Raleigh Wooten has been preaching 63 years and now says he plans to make a major change in his career and enter a new phase of work.
Notice, there's no mention of the "R" word.
When pushed, though, Wooten backtracks just a bit.
"Basically, I am retiring from my main line of work," he says. "I plan to be semiretired but available as a supply preacher."
This Sunday will be his last after 18 years at Ware Branch Church of Christ. But Wooten, at 82, is not ready to lay aside his training and experience. "It's just kind of in my blood to keep busy," he says, "and this is a way to keep busy."
Wooten says he'll fill in at a church for one week or, while still living in his Chattanooga home, he will relocate for a few months as an interim minister, which has become the norm in some denominations when churches are between leaders.
changes he's seen
Wooten says one of the biggest changes in ministry in the Church of Christ since 1950 is the longer length of stay by preachers.
"They get into the community and work rather than just being pulpit people," he says. "I'm a people person. I enjoy being with people. I don't think of myself when I work with a church as just [a preacher].
"When I first started," Wooten says, "preachers would stay a very short time, four years at best. Now, by the time a preacher's been preaching [at one place a long time], an interlude helps the person coming. It bridges the gap."
Interim ministers clean the palate, so to speak.
Wooten says he's glad to offer his experience. Between 1950 and 1966, he served Tennessee Church of Christ congregations in Covington, Newbern, Union City, Murfreesboro and Kingston. Since 1966, he has ministered at the Eastdale, Ridgeside, Northside and Ware Branch congregations, all in the Chattanooga area.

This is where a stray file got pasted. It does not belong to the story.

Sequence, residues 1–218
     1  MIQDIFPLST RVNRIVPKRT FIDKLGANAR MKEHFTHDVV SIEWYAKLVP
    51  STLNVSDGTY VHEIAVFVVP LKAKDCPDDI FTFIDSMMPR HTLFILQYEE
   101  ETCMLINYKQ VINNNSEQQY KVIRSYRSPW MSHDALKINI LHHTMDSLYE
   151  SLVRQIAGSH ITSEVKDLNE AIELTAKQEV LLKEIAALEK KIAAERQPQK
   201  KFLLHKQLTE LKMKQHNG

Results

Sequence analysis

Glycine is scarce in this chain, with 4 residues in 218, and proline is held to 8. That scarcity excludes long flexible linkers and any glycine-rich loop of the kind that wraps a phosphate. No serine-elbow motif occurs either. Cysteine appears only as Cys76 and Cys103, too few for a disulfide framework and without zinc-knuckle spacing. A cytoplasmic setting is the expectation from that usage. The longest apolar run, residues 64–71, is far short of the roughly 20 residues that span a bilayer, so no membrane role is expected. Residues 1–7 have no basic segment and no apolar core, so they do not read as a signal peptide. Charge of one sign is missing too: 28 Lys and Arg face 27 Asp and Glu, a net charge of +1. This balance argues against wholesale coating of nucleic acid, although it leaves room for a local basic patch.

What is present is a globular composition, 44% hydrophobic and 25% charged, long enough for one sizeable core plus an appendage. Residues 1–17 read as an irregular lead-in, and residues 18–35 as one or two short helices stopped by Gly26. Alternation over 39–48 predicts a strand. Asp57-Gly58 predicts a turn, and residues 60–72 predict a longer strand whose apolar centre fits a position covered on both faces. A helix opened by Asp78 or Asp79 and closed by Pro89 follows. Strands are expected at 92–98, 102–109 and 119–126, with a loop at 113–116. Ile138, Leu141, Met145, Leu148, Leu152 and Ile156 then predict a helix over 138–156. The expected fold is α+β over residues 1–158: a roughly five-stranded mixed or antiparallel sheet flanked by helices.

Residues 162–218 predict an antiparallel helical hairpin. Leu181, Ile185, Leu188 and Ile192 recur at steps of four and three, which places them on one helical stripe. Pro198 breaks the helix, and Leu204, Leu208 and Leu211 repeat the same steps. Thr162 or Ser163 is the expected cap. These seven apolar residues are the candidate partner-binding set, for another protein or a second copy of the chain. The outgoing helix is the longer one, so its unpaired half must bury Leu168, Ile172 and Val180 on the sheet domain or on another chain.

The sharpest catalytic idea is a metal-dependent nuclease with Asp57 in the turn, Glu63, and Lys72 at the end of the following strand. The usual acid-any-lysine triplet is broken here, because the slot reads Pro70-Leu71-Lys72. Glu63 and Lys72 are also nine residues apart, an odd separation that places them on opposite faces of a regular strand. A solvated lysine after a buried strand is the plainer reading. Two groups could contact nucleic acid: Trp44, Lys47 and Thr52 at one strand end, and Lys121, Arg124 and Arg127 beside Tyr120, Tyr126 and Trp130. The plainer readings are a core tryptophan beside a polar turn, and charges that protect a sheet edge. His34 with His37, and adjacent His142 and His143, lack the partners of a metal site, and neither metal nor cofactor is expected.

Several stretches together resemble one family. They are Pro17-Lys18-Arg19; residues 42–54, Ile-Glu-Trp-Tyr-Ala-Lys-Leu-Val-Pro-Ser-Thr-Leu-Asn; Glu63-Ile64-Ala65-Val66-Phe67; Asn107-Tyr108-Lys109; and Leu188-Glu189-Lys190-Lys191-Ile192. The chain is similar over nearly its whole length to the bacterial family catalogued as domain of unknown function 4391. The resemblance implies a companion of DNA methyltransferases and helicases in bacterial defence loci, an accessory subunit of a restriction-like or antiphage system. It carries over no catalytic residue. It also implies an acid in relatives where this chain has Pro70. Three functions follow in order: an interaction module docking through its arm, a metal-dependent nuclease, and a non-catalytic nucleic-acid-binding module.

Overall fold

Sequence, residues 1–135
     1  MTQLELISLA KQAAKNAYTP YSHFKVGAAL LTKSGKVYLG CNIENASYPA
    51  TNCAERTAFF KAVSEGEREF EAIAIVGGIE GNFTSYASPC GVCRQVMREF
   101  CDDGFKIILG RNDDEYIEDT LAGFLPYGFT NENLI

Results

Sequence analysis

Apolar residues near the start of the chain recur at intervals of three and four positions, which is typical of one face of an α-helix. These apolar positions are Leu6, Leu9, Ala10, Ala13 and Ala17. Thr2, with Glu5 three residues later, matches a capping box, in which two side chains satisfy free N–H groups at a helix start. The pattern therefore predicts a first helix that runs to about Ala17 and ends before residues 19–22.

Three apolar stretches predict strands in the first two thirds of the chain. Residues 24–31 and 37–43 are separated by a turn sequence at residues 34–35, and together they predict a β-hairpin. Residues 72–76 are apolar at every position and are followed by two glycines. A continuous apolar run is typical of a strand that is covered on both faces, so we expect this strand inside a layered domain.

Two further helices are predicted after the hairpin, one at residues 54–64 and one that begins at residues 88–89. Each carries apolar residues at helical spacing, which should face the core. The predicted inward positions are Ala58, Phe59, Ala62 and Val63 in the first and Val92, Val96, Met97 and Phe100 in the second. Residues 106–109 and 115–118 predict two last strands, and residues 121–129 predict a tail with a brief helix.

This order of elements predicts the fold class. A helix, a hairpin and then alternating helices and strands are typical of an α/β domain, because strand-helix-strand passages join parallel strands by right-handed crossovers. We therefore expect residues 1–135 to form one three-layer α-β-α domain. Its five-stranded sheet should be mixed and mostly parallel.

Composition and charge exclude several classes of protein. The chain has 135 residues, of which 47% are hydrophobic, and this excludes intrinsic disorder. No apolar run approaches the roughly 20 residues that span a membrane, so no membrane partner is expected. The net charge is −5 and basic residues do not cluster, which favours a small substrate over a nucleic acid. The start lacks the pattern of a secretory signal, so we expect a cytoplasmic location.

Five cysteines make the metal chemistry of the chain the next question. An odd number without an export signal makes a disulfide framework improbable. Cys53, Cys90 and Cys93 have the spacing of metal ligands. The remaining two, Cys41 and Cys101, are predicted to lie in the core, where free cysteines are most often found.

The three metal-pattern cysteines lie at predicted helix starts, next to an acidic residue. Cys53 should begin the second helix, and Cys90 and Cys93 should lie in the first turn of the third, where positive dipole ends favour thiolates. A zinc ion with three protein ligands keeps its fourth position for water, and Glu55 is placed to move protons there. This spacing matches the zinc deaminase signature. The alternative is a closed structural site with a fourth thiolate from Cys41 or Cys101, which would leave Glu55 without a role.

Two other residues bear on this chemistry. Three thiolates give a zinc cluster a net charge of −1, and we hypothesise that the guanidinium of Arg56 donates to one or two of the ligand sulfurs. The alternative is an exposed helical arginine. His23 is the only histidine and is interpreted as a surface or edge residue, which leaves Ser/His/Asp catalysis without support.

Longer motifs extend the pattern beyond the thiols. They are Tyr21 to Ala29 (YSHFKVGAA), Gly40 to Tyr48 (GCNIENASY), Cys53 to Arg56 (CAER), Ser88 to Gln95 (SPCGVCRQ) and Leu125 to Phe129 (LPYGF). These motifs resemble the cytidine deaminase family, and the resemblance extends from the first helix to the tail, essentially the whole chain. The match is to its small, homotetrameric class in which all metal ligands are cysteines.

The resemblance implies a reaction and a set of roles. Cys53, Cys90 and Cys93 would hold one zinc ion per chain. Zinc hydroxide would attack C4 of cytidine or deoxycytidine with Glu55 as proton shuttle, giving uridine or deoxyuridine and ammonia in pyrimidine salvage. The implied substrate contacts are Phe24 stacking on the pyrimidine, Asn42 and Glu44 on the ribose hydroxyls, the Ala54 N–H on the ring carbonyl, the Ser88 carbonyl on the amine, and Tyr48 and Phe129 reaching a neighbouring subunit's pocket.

"I've had a lot of exposure to problems in churches and in families," he says. "A lot of my preaching will be relative to families. I believe where we're lacking these days is that families are falling apart, and churches suffer from that."
Experience in the church has given him the ability to dispense ministerial advice on children, marriage and families in crisis.
"I feel comfortable trying to help people over the hump," he says.
It's not all been serious, though. Wooten says there was a time when the man leading the music in one of his churches had the false teeth fly out of his mouth.
"They went quite a ways," he says. Then the guy went crawling after them. "The congregation broke up."
On another occasion in a small country church, a dog wandered in and down the aisle. Eventually, he was shooed into a Sunday school room off the sanctuary, but his scratching required his eventual release.
The congregation was "more interested in him than me," he says.
Whatever legacy he has, he says, will be one of "encouragement and as someone in the shepherd role than someone dominant in the field."
But, certainly, in more than 60 years, he cared for a lot of sheep.
Contact staff writer Clint Cooper at ccooper@times freepress.com.
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